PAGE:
European regulators on Wednesday announced formal antitrust charges against Google, accusing the tech giant of using its popular Android mobile operating system to push its own services over those of its rivals.

Google created strong incentives for device manufacturers, ensuring that the company’s search engine and browser would be dominant on Android devices, the European Commission alleged in a statement. “Based on our investigation thus far, we believe that Google’s behaviour denies consumers a wider choice of mobile apps and services and stands in the way of innovation by other players, in breach of EU antitrust rules,” the EU’s competition commissioner, Margrethe Vestager, said.

Google senior vice president and general counsel Kent Walker said the Android “business model keeps manufacturers’ costs low and their flexibility high, while giving consumers unprecedented control of their mobile devices.”

Google’s partner agreements are “entirely voluntary” and “anyone can use Android without Google,” he wrote.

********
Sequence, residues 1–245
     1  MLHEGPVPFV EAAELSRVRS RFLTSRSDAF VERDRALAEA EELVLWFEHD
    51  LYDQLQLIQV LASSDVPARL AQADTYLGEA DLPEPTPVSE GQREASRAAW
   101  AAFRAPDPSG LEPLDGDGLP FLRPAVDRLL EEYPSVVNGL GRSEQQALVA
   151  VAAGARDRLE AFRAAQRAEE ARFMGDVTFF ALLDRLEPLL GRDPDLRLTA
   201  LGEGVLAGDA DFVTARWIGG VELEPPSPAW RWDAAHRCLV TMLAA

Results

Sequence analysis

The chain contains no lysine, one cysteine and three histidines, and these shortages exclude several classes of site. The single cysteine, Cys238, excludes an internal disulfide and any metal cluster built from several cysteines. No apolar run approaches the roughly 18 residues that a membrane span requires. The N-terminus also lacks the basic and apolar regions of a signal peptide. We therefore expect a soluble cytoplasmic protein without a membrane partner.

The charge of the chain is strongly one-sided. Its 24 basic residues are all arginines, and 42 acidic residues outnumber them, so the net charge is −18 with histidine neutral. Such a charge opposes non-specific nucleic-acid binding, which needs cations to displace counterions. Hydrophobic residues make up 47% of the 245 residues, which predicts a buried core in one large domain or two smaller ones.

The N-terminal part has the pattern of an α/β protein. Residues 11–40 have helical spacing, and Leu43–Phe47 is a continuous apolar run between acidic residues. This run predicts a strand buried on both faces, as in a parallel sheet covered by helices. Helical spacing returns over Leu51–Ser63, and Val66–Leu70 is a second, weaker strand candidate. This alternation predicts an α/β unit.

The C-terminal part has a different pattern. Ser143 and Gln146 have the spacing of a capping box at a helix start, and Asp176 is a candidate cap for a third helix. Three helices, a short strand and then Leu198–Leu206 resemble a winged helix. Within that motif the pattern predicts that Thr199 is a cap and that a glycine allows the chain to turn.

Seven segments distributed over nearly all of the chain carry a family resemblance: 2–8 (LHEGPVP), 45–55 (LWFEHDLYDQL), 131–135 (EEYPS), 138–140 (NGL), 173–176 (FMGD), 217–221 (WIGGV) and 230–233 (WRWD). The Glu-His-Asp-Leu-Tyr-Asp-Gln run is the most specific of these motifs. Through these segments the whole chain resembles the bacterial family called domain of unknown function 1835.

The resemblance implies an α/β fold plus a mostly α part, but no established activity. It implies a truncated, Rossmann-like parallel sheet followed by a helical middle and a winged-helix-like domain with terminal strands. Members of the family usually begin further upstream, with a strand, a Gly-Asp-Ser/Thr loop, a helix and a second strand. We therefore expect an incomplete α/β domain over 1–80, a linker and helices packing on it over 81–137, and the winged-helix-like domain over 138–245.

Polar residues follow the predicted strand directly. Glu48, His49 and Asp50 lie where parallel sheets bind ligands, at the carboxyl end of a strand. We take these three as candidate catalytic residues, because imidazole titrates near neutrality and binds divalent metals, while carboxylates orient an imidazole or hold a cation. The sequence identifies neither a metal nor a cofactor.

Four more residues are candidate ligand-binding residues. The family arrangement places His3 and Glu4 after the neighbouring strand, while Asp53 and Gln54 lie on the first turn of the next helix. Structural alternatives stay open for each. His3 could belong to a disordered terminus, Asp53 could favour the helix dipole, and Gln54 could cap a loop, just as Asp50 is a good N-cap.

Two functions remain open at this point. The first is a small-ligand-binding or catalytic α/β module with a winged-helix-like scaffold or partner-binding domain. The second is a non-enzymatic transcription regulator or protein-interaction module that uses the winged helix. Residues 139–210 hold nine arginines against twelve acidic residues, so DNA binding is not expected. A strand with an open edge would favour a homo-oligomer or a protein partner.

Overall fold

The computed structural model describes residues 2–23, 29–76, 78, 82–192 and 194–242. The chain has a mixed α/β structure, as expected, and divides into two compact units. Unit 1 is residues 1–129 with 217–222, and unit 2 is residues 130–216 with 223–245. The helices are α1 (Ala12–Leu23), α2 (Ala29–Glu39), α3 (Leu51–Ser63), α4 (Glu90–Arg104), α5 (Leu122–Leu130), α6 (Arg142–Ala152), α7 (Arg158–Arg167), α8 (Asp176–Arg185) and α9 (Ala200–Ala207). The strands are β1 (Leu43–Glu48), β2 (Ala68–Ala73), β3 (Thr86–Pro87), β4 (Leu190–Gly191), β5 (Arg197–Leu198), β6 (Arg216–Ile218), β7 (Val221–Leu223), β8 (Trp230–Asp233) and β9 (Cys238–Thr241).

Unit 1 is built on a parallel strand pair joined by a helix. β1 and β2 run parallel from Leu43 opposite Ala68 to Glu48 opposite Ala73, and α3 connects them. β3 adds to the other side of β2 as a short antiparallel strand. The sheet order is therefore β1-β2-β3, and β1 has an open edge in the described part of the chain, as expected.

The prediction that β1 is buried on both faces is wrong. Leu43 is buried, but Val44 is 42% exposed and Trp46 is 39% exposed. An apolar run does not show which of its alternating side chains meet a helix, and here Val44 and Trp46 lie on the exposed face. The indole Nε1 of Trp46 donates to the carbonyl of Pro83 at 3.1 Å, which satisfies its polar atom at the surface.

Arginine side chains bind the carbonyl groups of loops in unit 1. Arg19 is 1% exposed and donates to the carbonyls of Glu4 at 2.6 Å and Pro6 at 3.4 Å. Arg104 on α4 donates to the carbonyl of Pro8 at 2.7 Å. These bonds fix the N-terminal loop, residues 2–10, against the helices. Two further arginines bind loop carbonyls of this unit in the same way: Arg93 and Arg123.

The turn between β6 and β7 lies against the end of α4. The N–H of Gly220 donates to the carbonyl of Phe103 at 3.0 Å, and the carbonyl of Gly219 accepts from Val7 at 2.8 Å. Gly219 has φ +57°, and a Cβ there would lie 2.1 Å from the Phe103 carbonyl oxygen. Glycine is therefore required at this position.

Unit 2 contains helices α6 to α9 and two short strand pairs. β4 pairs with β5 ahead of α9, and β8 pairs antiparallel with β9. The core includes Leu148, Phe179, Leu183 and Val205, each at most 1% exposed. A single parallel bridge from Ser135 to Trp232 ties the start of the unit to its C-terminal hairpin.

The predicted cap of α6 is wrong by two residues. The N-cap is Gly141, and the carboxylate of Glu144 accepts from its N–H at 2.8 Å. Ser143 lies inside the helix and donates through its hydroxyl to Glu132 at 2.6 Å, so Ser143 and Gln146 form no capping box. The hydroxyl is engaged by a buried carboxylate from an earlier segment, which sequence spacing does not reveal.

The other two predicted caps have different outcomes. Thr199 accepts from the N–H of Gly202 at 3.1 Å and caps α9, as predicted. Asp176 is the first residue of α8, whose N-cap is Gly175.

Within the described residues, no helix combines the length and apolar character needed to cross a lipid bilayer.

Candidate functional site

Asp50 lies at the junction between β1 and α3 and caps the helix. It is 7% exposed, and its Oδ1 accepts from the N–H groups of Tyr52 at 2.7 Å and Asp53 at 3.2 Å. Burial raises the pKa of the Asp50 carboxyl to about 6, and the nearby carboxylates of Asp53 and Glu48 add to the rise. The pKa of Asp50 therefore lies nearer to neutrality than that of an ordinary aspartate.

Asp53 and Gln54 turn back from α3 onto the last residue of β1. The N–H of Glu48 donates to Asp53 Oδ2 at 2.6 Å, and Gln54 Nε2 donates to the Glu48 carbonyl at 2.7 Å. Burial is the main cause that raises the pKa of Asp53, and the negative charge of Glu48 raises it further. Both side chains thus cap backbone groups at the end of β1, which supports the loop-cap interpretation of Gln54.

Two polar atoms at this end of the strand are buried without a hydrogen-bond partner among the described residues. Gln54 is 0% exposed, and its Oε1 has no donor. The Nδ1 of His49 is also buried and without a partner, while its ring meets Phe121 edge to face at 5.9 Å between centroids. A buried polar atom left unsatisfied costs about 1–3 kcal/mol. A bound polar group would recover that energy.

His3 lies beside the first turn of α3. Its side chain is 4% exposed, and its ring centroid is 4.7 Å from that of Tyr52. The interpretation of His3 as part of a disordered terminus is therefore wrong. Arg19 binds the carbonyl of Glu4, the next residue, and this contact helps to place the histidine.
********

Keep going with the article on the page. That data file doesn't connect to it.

Android maintains a far greater global share of the mobile operating market than Apple’s iOS. One reason is that Google offers the basic open-source operating system for free, which makes it the software of choice for many lower-cost phones from a slew of manufacturers. Google’s mobile operating system has a market share of more than 90 percent in the European Union.

The company then profits from mobile in other ways, such as advertising built into its products, including Search, as well as taking a cut of sales made through its Google Play app store.

According to the commission, Google obliges smartphone makers who want to pre-install Google’s popular app store to also pre-install Search and set it as the default search engine on those devices. And manufacturers who want Play Store or Search also have to pre-install Google’s Chrome browser.